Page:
If you operate from a position of gratitude, you might find your life is pretty damn awesome as it is right now. Besides, isn’t Getting There supposed to be half the fun anyway. What do you think? How has your past affected who you are today? Do you value the time you spend working a “job” and the people you meet along the way just as much as you value the End Goal?

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Comments on this entry are closed.

  • Graham @ Reverse The Crush Apr 2, 2017, 11:48 am

    Fantastic post! It’s so true that you are fortunate to be in a position to build wealth. You definitely have to appreciate the process of reaching financial independence. I also agree that reflection is a very powerful tool. Thanks for sharing the positive vibes! It’s a great reminder for everyone chasing FI.

    • Mad Money Monster Apr 3, 2017, 10:49 am

      Thanks for commenting! I do think we all forget how fortunate we are to even have the option of chasing financial independence. There are so many people who struggle just to put food on the table and pay the rent. Gratitude is a powerful thing.

  • @Guyon_FIRE Mar 23, 2017, 10:12 am

    Wonderful post. I sometimes forget to stop and smell the roses. We should all be grateful for our current situation.

    You bring an interesting view point. Many in the FIRE community do benefit from above average jobs. These jobs allow us to live AND save/invest like crazy. Basicslly, we have it better than a large majority of the world.

    Not sure I will ‘miss my job’ when I leave. Like you, and most of our community, I will be retiring TO something in a few years. Hopefully by the age of 30.

    • Mad Money Monster Mar 23, 2017, 4:12 pm

      It’s so true! And, it’s nice to stop and be thankful every once in a while, rather than wishing our lives away to get to the next chapter. Thanks for your comment!

  • Cody @ Dollar Habits Mar 22, 2017, 2:29 pm

    I read this the day you published it, but I am just now making my way back to comment. Thank you for the great reminder. It is so easy to focus on the destination that we forget to enjoy the journey (myself included), especially when it comes to pursuing financial independence.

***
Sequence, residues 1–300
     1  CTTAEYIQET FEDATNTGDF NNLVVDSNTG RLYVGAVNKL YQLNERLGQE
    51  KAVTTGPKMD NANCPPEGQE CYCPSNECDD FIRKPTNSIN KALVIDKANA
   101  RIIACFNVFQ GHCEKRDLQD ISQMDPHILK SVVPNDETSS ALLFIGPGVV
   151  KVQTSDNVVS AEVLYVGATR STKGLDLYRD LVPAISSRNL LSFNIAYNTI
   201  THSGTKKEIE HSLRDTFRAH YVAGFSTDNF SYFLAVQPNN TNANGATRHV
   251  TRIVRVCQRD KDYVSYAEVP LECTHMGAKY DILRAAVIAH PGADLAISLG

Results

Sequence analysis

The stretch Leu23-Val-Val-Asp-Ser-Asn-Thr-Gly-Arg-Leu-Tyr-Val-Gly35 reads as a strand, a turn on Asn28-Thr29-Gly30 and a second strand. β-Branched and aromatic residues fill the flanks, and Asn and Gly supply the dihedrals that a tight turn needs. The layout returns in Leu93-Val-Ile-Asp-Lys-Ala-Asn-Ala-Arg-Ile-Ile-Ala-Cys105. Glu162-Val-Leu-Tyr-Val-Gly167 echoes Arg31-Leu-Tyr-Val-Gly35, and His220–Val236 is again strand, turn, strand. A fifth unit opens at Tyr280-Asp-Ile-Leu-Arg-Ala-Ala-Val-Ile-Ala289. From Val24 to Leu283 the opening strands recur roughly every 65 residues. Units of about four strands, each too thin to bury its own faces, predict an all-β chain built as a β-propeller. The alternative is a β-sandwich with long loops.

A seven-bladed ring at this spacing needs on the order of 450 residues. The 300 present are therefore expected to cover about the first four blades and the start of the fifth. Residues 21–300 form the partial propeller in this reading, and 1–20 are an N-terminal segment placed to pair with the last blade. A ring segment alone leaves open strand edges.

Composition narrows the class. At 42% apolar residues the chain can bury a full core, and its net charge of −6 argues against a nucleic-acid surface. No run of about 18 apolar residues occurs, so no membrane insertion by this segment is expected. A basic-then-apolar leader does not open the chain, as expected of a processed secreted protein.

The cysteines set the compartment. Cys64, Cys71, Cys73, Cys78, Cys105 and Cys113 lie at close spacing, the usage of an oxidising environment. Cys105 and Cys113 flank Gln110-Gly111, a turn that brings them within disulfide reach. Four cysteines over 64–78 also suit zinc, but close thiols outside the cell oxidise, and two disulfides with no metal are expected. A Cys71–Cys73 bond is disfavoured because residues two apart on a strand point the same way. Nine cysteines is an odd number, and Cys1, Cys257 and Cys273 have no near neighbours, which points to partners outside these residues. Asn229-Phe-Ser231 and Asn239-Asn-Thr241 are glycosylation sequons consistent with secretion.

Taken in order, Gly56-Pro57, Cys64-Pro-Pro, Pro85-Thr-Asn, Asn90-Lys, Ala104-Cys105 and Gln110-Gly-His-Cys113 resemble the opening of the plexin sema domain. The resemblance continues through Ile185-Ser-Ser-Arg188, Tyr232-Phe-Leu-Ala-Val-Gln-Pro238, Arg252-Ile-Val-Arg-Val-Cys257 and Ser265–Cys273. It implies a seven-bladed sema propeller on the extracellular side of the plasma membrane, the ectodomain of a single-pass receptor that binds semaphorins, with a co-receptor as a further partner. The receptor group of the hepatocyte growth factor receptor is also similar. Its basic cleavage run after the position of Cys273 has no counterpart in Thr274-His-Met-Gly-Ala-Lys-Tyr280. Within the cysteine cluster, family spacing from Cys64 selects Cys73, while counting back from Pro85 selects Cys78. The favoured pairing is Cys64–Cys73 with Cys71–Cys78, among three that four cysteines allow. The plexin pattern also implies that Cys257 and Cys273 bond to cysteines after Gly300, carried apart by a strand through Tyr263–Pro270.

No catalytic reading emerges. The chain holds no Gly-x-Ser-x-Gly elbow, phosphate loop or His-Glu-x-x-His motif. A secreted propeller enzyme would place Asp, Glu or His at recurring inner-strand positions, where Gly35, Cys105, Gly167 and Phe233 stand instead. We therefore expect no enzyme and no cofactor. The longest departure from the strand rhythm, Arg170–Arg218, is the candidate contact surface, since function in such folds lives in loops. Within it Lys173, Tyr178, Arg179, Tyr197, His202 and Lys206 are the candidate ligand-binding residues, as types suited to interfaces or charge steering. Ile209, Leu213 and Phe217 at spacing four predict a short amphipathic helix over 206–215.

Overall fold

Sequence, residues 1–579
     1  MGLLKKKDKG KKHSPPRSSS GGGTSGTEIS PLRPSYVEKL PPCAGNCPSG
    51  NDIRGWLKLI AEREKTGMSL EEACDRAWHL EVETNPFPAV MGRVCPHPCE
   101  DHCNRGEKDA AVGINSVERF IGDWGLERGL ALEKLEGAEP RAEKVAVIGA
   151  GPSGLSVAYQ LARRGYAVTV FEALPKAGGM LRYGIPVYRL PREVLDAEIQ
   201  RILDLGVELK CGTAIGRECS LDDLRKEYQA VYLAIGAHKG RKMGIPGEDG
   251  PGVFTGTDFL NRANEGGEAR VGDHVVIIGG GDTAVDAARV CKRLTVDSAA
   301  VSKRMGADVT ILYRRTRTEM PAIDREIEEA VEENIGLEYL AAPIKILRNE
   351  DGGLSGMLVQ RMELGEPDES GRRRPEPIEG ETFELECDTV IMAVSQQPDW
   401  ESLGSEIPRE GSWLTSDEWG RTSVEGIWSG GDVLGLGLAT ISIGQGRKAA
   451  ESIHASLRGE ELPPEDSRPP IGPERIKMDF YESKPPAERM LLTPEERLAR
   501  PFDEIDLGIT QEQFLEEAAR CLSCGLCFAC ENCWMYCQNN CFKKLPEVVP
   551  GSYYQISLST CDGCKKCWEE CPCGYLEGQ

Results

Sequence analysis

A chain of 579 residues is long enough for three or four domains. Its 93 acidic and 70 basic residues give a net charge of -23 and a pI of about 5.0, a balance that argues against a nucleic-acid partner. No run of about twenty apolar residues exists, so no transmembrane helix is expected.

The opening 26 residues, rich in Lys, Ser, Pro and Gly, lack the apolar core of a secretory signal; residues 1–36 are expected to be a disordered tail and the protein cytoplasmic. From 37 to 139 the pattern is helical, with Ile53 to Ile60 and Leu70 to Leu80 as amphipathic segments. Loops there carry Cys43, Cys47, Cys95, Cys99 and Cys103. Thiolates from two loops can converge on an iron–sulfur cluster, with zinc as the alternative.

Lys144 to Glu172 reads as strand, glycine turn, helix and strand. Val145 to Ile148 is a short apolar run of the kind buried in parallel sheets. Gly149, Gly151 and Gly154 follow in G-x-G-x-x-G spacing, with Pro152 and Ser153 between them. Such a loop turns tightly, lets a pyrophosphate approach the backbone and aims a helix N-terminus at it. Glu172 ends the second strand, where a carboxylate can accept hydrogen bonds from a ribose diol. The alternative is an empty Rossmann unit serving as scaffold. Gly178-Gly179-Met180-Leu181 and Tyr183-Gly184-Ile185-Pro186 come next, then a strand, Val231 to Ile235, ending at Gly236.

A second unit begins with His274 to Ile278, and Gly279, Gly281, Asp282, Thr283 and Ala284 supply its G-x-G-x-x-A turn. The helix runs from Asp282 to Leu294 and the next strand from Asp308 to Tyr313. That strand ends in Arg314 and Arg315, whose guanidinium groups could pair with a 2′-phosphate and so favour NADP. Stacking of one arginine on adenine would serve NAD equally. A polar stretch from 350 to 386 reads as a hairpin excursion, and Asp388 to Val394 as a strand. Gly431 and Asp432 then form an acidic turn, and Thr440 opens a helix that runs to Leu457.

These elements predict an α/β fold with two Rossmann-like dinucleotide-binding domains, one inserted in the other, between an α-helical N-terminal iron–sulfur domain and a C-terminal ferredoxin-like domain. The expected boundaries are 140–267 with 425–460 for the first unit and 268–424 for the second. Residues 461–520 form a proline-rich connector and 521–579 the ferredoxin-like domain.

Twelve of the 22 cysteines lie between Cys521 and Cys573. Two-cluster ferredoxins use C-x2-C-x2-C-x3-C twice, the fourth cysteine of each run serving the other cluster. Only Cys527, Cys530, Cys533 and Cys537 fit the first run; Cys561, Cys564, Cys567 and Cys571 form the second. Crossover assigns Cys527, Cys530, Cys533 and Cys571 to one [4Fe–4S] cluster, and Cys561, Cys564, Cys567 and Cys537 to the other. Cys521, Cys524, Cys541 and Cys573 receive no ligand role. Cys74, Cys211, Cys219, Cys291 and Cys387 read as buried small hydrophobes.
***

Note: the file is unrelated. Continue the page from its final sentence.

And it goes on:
• Mad Money Monster Mar 22, 2017, 8:54 pm

      Thanks for commenting! I (obviously) completely agree. Getting there is definitely half the fun.

  • Claudia @ Two Cup House Mar 14, 2017, 7:25 pm

    At the start of the journey, it was a rush to get to the end. But podcasts and posts like this continue to remind me to enjoy the journey. It has been a blast. Truly. Debt is not awesome, but I couldn’t imagine a better group to celebrate the journey with. We are so grateful, so grateful to live where we do and have the opportunities we have. 🙂

    • Mad Money Monster Mar 14, 2017, 7:33 pm

      I certainly second that notion! This community is wonderful and I’m so happy I accidentally found it a few years ago. I paid off my car today during the snow storm and I couldn’t wait to post it on Twitter! Why? Because this community Gets It! Now we’re attacking our mortgage. We’re right behind you guys 🙂

  • Felicity (@FelicityFFF) Mar 14, 2017, 11:16 am

    We’re grateful every day. 😀

    I’m not sure if I value my time working *as much* as I will my end goal, but I’ve made amazing friendships that I’ll keep for years and decades to come.

    For a while I was really unhappy with my job, and kind of leaning towards just “toughing it out” until we could retire early. Then the sane part of me said that was crazy and led me to switching jobs! It’s so awesome to not hate work. O.o

    • Mad Money Monster Mar 14, 2017, 3:04 pm